Dodging the curveball

I was given an unexpected and totally jacked up lesson in gratitude. I know I should be grateful for all that I’ve been given. I have a great husband and a beautiful grandbaby, I have a fantastic job and I get to write out all the stories in my head. But the universe decided to throw me a curve ball, then used it to teach me a valuable lesson.

About a year ago, our well house burned down in the process of trying to thaw out a frozen pump. We live in the country and had a lot of dry wood lying around. It didn’t take much for it to catch a spark and go up in flames. In the end, we lost the well house and the electric pole next to it. It was around the end of January/first part of February. It was cold, we had no electricity or heat, and had to rely on the kindness of friends. It sucked, but we survived and it brought our family closer together.

Fast forward just under a year later and picture a warmer-than-usual January afternoon. It’s a sunny day of about 50°. It was a rather typical Monday at work until I got a call from the hubby. He and one of the kids decided to burn some old lumber lying around, trying to clean up the property. The wind picked up and before they knew it, half the property was on fire. I was so mad, I was in tears.

A thousand negative things swirled through my head. I wanted to scream and throw things. I wanted to get in someone’s face and — yeah, I’ll admit it — I wanted to kick someone’s ass. This menopausal old broad was ready to rumble. How could they start a fire knowing the wind was supposed to blow? I jumped on social media, seeing as the boy had posted something and I was even more pissed than before. There was the whole ugly scene splashed across my timeline for the entire world to see. Then I got tagged in a news story from a local radio station of my property being rescued by several volunteer fire departments in our area. I freaked!

I picked the grandbaby up from daycare after work and headed home. I passed several fire trucks coming from the opposite direction and figured they had finished rescuing my world, but I was still fuming. I really wasn’t in the mood to confront the hubby, but as I turned the corner just next to our house, I saw him and the boy driving out of the yard. I pulled up next to them and the hubby said he had to get the boy back to town. I couldn’t even form words. I just glared at him, rolled up my window, and continued on to the house. He drove on down the road.

The front of the house and yard didn’t look any different than it had that morning. I went inside and took a peek out my back window. That’s when I saw it. Burnt ground, charred vehicles and old metal, and emptiness. I lost my breath. It looked like one of those old war movies, trails of smoke circling in the air.

As I stood there, the wind began to really pick up. I checked the forecast and they were predicting wind gusts of up to 50 miles an hour. When you live in the country and there’s no other buildings to block the wind, that’s a lot of moving air. It sounded like a freight train was barreling across the top of my house.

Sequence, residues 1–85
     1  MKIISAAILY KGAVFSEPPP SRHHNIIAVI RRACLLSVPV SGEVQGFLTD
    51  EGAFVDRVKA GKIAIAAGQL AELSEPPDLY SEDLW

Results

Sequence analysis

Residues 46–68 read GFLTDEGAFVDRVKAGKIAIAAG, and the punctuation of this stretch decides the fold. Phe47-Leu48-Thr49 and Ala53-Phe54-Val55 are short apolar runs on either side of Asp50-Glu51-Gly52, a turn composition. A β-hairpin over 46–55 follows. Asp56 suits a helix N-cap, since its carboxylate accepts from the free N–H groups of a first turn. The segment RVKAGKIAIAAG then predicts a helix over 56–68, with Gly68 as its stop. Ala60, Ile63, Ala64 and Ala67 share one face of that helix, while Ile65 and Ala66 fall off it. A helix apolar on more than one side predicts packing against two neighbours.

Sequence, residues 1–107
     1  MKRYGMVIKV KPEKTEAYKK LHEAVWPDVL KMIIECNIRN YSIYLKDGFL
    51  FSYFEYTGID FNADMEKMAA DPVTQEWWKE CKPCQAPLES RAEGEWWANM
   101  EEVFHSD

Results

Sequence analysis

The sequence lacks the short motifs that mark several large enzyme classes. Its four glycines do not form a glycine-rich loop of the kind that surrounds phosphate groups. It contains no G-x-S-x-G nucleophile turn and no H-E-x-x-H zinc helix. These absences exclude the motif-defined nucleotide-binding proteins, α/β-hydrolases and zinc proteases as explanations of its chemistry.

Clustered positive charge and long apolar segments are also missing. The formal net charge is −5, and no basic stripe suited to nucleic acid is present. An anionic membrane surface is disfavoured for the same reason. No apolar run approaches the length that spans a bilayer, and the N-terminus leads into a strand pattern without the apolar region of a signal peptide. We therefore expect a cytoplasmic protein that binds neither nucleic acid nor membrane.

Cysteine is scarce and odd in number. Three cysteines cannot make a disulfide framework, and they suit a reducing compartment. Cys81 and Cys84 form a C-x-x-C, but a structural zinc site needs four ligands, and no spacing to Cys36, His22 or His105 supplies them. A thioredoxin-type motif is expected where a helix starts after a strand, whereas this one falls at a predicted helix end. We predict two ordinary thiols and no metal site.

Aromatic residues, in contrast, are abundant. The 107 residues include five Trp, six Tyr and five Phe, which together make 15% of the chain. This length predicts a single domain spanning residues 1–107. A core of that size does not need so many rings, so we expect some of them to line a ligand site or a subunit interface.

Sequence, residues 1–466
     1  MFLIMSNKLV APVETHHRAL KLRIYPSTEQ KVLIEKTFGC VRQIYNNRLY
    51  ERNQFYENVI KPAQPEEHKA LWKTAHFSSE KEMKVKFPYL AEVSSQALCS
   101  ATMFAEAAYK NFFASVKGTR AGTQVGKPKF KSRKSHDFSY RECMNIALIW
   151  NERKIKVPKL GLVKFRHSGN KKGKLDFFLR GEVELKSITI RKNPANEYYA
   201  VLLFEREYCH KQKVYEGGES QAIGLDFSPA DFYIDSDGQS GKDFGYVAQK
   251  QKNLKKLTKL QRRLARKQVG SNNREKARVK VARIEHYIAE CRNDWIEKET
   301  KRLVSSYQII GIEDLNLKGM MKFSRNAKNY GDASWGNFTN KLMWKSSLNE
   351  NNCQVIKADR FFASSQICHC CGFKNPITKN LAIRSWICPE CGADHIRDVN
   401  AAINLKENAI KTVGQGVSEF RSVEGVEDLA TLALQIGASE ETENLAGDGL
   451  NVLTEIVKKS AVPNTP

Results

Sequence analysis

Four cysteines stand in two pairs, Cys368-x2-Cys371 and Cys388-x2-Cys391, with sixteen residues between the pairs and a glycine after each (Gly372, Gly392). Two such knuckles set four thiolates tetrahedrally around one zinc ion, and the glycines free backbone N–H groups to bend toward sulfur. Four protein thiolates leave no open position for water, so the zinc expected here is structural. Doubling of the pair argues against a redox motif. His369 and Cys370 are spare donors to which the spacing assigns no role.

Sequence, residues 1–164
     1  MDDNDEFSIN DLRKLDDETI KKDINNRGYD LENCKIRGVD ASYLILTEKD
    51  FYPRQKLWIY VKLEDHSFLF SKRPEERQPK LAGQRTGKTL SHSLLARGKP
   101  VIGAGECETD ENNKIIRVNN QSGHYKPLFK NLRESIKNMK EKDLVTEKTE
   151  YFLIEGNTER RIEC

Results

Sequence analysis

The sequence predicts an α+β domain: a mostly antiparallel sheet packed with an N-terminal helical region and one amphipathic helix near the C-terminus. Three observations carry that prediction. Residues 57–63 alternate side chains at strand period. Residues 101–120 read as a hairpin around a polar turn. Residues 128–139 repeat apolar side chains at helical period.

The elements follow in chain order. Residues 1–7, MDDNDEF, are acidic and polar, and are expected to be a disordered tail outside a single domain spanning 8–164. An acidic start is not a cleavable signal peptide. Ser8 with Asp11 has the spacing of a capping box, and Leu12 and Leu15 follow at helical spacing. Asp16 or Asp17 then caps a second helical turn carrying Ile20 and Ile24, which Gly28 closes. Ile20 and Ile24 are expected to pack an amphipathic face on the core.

I sat down on the couch and started thinking about everything that had happened. I needed to wrap my head around the day’s events without any outside interruptions. The hubby was gone and the grandbaby was in her room. I started to calm down and relax my brain.

I had started making dinner when the Mr. got back home. I still wasn’t ready to deal with him, so I just kept to my task at hand. He mumbled something then headed back outside. I didn’t know what he’d said or was doing, and I really didn’t care.

He came back in and shouted at me, “Hello love. Not gonna talk to me?”

I turned toward him, ready to give him a piece of my mind when I got a good look at his face. He was covered in soot and ash. His face was almost black and half of his eyebrows were missing. The hair on his arms was gone and all of his fingertips had been singed. He did everything he could to protect our home, putting himself in the proverbial “line of fire” in the process.

That’s when the universe whispered, “He’s okay”.

It dawned on me, right then and there, how lucky we were. The Mr. and the boy were fine. They both lost some facial hair and got a little singed, but they were fine. The only damage was to some things out back that were of no real value and the fire was out before the real windstorm hit. 

We never know when life’s going to throw us a curve ball. It’s all in how we deal with the situation that matters. Getting mad was easy. Realizing what was important was the objective. I’m grateful that my boys are okay. I’m grateful that I still have a home where I can cook my family a nice meal. I’m grateful for the men and women of the rural volunteer fire departments that came out and made our world safe again. And I’m grateful for the lesson the universe allowed me to learn.

Christine Graves has been writing both online and off for the past 25 years. She’s written in just about every genre possible and still trying new things. She’s a wife, mother, and grandmother who lives here life like an open book. Visit Christine at GravesPublications.com.
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Christine Graves has been writing both online and off for the past 25 years. She’s written in just about every genre possible and still trying new things. She’s a wife, mother, and grandmother who lives here life like an open book. Visit Christine at GravesPublications.com.

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